Over half of the specimens had eastern coyote ancestry, but only 4 percent were mostly descended from western coyotes (Canis latrans).
"The [introduction] of eastern Canadian wolf genes into eastwardly expanding coyotes could have provided a composite genome [Canis latrans X lycaon] that facilitated selection of animals with a larger body size ... that may be more adept at preying on deer than smaller western coyotes," Wilson and Jakubas report in their study. The study, co-written with Shevenell Mullen of the University of Maine, is awaiting publication.
In plain language, Wilson said his work suggests the large, eastern coyotes in Canada are hybrids of the smaller western coyotes and wolves that met and mated decades ago as the coyotes moved toward New England from their earlier western ranges. The animals, he said, may become amplified in size by further crossings between the now-larger eastern coyotes and Canadian wolves.
Vermont's Tom Decker said he wants to see more evidence published to support that view. However, he said, collecting evidence is difficult since no systematic genetic sampling of the state's coyotes has been done.
The gaps may soon be filled. Biologist Roland Kays, who is curator of the New York State Museum in Albany, said he and his associates are planning a major investigation to supplement the study by Wilson and Jakubas of coyotes from Maine. Their work "opens up a lot of new questions," Kays said.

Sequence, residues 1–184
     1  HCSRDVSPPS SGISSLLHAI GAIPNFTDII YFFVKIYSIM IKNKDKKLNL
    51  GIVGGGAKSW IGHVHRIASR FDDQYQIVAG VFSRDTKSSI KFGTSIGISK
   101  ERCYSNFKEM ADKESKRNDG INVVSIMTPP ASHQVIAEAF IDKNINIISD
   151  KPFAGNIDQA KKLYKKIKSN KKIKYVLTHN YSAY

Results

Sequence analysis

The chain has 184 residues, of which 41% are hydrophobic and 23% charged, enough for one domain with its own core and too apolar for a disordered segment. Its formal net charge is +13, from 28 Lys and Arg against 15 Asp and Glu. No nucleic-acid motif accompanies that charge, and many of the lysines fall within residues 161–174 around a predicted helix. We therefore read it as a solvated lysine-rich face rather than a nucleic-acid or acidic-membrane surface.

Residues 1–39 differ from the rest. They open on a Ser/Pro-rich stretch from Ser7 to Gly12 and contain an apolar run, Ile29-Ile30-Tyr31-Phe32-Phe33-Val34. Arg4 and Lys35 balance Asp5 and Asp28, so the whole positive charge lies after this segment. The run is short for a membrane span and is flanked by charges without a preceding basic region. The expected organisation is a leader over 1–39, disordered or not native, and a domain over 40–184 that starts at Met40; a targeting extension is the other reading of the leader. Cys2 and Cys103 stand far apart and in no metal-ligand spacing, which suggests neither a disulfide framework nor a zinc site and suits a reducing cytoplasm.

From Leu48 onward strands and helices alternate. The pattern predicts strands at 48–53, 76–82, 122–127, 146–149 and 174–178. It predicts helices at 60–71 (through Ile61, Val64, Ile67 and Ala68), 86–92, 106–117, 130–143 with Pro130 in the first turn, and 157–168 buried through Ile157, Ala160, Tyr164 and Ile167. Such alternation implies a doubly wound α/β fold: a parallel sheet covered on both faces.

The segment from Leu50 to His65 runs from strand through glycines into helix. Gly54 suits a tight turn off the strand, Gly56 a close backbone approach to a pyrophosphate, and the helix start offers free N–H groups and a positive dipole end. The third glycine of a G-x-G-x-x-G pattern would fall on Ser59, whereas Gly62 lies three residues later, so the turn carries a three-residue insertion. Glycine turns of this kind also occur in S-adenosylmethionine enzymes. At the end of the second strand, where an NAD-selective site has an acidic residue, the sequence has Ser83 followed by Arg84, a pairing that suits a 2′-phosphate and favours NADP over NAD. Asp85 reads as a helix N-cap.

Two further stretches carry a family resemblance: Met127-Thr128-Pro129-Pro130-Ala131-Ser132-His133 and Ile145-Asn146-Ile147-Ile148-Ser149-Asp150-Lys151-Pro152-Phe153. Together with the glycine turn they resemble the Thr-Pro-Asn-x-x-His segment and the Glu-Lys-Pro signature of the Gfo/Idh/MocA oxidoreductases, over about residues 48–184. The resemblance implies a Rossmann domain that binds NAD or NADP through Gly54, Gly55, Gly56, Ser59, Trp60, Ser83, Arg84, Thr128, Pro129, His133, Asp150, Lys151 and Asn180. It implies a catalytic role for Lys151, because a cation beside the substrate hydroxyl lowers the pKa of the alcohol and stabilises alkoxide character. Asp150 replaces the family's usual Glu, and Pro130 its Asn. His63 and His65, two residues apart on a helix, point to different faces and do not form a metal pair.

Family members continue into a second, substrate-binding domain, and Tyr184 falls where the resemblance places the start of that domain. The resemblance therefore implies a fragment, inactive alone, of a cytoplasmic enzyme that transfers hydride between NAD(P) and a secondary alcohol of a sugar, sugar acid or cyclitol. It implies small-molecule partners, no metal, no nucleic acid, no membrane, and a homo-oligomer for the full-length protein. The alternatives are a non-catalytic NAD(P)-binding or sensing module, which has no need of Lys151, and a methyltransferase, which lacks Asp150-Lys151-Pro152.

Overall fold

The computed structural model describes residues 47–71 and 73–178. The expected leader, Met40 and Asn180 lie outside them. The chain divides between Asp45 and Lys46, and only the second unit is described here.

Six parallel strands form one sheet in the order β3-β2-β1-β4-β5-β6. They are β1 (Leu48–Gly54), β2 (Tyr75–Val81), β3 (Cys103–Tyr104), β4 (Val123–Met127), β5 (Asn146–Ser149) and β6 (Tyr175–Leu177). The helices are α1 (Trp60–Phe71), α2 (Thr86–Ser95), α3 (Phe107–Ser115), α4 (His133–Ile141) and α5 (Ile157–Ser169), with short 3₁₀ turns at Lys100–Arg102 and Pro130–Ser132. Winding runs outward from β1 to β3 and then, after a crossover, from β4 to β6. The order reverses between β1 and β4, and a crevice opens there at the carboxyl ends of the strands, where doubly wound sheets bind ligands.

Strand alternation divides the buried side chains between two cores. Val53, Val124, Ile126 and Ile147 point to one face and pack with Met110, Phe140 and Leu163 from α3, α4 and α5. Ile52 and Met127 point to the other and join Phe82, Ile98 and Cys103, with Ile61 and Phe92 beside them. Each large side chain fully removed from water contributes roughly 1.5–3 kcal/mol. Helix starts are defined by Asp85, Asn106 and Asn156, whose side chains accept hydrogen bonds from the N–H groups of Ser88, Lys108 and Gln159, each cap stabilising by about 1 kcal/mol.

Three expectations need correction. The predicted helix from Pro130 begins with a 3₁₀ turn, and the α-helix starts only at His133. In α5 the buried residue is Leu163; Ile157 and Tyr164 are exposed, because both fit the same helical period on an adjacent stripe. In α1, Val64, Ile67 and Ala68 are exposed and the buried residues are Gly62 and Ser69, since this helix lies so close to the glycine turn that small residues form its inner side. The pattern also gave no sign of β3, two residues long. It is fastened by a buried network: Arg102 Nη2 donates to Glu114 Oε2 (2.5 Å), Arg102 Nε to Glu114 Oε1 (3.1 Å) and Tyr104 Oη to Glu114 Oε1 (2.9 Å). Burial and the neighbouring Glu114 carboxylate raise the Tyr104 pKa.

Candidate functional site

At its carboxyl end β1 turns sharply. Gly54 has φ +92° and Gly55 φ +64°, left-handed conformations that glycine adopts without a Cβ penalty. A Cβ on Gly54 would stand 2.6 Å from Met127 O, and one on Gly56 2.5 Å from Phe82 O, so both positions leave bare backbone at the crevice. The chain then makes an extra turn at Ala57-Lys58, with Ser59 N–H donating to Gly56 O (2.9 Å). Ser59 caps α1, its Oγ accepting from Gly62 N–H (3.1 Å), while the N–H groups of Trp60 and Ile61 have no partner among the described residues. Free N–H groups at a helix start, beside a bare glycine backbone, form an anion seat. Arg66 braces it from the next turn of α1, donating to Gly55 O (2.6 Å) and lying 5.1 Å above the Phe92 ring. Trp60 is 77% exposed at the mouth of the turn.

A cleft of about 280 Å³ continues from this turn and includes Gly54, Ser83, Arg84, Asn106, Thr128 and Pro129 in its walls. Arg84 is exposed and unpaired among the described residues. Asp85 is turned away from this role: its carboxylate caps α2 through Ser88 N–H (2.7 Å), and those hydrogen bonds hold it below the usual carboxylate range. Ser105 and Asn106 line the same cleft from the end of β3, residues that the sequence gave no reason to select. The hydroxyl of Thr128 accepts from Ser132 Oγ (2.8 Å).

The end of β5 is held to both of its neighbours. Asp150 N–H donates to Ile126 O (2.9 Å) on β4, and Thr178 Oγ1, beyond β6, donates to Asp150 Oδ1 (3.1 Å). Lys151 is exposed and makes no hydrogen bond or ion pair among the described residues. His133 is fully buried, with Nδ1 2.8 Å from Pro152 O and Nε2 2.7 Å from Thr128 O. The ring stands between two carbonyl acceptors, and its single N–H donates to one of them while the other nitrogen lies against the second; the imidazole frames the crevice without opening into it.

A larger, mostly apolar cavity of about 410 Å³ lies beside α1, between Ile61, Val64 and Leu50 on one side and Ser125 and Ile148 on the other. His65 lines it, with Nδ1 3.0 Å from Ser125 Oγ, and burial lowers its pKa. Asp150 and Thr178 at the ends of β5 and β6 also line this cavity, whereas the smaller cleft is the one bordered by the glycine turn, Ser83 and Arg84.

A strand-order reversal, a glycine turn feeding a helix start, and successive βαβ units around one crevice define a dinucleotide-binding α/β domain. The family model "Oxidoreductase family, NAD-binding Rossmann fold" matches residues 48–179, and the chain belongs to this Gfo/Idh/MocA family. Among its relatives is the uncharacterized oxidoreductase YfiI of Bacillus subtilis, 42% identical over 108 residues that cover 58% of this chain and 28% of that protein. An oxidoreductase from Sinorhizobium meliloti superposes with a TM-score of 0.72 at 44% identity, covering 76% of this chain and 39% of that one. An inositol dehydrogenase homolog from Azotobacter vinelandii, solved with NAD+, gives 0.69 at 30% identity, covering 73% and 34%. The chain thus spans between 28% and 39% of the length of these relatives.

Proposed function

Between 100 and 1,000 animals from throughout New York and New England will need to be studied to sort out their backgrounds, he said.
Kays and his associates would like to get samples, particularly whole animals, along with information on where they were from. He can be reached for further information at 518-486-2005.
The outcome of further studies could discourage wildlife officials and conservationists who have talked about reintroducing wolves to the Northeast, Decker said.
The usual goal of reintroduction efforts is to preserve true species, not create more hybrids.
The other side of the reintroduction coin is that hybrids may be better suited than purebred wolves to survive in 21st century New England.
"Once you get that coyote-and-wolf hybrid," Paul Wilson said, "it is a very adaptable animal."
Copyright 2005, The Caledonian Record.